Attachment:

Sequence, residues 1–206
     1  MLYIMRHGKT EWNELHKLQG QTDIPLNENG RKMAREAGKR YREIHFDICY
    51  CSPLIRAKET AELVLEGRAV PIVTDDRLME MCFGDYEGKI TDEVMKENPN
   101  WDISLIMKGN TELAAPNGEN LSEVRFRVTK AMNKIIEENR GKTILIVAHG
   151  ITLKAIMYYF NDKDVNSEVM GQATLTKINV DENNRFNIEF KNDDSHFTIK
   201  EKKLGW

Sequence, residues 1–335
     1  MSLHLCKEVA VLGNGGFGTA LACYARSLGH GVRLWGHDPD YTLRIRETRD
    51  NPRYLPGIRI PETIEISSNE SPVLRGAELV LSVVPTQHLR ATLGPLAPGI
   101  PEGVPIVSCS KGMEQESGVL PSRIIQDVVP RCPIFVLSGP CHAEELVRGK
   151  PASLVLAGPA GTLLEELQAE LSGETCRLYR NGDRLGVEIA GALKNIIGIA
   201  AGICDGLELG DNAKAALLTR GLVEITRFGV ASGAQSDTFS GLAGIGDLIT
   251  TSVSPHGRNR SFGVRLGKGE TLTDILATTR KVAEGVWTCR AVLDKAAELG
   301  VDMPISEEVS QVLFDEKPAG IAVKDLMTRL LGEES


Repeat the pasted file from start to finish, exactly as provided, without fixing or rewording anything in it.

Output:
Sequence, residues 1–206
     1  MLYIMRHGKT EWNELHKLQG QTDIPLNENG RKMAREAGKR YREIHFDICY
    51  CSPLIRAKET AELVLEGRAV PIVTDDRLME MCFGDYEGKI TDEVMKENPN
   101  WDISLIMKGN TELAAPNGEN LSEVRFRVTK AMNKIIEENR GKTILIVAHG
   151  ITLKAIMYYF NDKDVNSEVM GQATLTKINV DENNRFNIEF KNDDSHFTIK
   201  EKKLGW

Sequence, residues 1–335
     1  MSLHLCKEVA VLGNGGFGTA LACYARSLGH GVRLWGHDPD YTLRIRETRD
    51  NPRYLPGIRI PETIEISSNE SPVLRGAELV LSVVPTQHLR ATLGPLAPGI
   101  PEGVPIVSCS KGMEQESGVL PSRIIQDVVP RCPIFVLSGP CHAEELVRGK
   151  PASLVLAGPA GTLLEELQAE LSGETCRLYR NGDRLGVEIA GALKNIIGIA
   201  AGICDGLELG DNAKAALLTR GLVEITRFGV ASGAQSDTFS GLAGIGDLIT
   251  TSVSPHGRNR SFGVRLGKGE TLTDILATTR KVAEGVWTCR AVLDKAAELG
   301  VDMPISEEVS QVLFDEKPAG IAVKDLMTRL LGEES